Sabbatical, fanatical. (part 1)
Ever since being first exposed to the hallowed halls of academia when I first entered UWO in 1999 I’ve held the University in very high regard. It is a knowledge factory. In goes brilliant people with tenacity and determination and at the end of the assembly line out comes new knowledge. *New Knowledge*, such a commodity. It is pretty ephemeral a thing that sometimes is only an intrinsic good, yet still one of the most noble pursuits. Humans have been creating knowledge for a while now so it is getting more difficult to fabricate and construct novel things. Yet despite this our colleagues and ourselves labour on. It is the most poetic thing I can imagine.
I realize I’m being a bit dramatic but I’m waxing lyrical here. This preamble is to set the stage for what I’m hoping to be a series of blog posts. I’m hoping to chronicle my upcoming sabbatical *while still not official yet, my fingers are crossed*. Why do I want to do this? Well for two reason predominantly; first and foremost my writing needs practice and I can’t think of better exercise, secondly I want to have a journal of my progress so when I hit a wall (which I believe will be inevitable) I’ll have something to motivate me to feel the spark of why I embarked upon the process in the first place. Plus I want to revitalize my blog. Ever since embracing twitter my bon mots have been 140 characters instead of 500 word blog posts. It also dawned on me that this is such a throwback to the early aughts when people used to blog about this kind of stuff all the time. You don’t see it much anymore, perhaps due to Facebook.
At MPOW at the completion of 6 years of full-time service Faculty members and Librarians are eligible for 12 months of sabbatical leave. I began here in June 2006 so that was the easiest checkmark on the list. The Collective Agreement spells out the formal application process and what is included. Particularly a dossier with the following:
i. the report of the previous sabbatical or professional leave;
ii. an outline of the proposed plans which explains why these should
contribute to the member's scholarly, pedagogical or professional
iii. an updated curriculum vitae;
iv. an explanation of the locale chosen;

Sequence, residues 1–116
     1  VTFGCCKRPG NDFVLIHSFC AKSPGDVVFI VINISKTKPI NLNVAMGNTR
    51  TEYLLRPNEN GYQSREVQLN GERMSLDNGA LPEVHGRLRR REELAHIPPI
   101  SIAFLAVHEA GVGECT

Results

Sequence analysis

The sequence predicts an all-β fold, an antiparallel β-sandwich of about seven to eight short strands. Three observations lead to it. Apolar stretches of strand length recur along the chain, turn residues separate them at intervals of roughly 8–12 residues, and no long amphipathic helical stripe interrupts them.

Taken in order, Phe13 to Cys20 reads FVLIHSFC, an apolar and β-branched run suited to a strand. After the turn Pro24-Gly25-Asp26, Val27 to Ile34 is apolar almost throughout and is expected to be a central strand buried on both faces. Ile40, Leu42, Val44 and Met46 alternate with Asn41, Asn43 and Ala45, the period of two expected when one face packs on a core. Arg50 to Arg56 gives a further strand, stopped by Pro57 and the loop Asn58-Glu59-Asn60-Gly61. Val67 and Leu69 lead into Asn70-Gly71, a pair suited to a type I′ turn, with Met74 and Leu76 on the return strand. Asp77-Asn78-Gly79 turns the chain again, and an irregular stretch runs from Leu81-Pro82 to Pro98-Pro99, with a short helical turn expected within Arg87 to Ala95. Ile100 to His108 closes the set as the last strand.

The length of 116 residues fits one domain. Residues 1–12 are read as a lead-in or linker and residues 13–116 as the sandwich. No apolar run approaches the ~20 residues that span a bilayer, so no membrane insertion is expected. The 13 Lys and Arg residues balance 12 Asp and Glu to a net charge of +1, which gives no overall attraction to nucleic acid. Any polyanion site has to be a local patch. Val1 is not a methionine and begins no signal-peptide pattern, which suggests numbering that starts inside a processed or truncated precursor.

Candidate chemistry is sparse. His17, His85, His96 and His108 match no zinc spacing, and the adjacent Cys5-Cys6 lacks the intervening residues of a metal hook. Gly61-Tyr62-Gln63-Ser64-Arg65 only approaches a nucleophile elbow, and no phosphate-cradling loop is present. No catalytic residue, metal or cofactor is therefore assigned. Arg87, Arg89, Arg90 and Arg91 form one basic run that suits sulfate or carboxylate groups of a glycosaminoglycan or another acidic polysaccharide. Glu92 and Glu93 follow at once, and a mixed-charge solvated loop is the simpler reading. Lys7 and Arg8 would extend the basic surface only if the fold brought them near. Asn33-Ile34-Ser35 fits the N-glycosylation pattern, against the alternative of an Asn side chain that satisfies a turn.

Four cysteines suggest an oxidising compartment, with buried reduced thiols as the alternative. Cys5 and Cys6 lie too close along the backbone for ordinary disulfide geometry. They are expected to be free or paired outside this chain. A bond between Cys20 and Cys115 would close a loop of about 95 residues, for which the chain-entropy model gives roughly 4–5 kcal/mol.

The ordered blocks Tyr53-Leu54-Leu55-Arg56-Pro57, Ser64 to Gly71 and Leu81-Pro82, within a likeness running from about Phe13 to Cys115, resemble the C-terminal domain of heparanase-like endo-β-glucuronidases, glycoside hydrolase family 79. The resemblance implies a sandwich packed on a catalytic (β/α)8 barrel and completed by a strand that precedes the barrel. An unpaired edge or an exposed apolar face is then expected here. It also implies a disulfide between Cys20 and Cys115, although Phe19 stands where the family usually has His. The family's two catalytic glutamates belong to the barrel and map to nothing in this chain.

v. a summary of the member's preparation for that project;
vi. a description of the program of study or professional activity which the professional librarian member intends to undertake, if applicable;
vii. a statement of scholarly and/or professional achievements since the previous sabbatical or professional leave; and, where applicable,
viii. plans to take paid employment elsewhere.
(BROCK CA, 34.03 d)
After the dossier is completed it needs to be sent to Library Council for approval. After that is completed it goes to the University Librarian and then ultimately to the University wide Committee on Sabbatical Leaves. Approval at this committee is the final step. There are lots of other interests details with the application process (in particular being able to bank up to 2 years of accumulated time to count against your next 6 years of accumulated service, so for example if you wait 8 years to go on sabbatical you can bank 2 years and when you come back you’ll only have to put in 4 years, established in Article 34.03b) Proof positive to always be familiar with your CA. This process is of course different at other Ontario universities (and indeed across the country). Some institutions sabbatical leave is almost a given after enough years pass, contrast that to other institutions where Sabbatical isn’t even an option. I like that at MPOW applying is a self directed decision. In my time here I’ve seen 2 colleagues go and return from sabbatical. We have a complement of 17 or so Librarians that can apply.
What I’m going to do on Sabbatical
Another benefit of the CA is that it spells out in clear language what the potential purposes of sabbatical are for Librarians:
i. broaden the member’s professional knowledge;
ii. acquire experience in an area related to the member’s responsibilities; or
iii. engage in scholarly activity in the field of library and information science or other areas related to the duties in the member’s job description.
(BROCK CA, 34.02 b)
This language is great in that it isn’t particularly narrow and allows for some flexibility. So then for me. Is it i, ii, iii.? That detail I will keep in the bag right but teaser is:
- Graduate Work (?!)
- A programming project that has been a bugaboo for me for some time
The one thing that I can say is that I’ve accomplished the first step. Ie. successfully presenting my dossier to Library Council.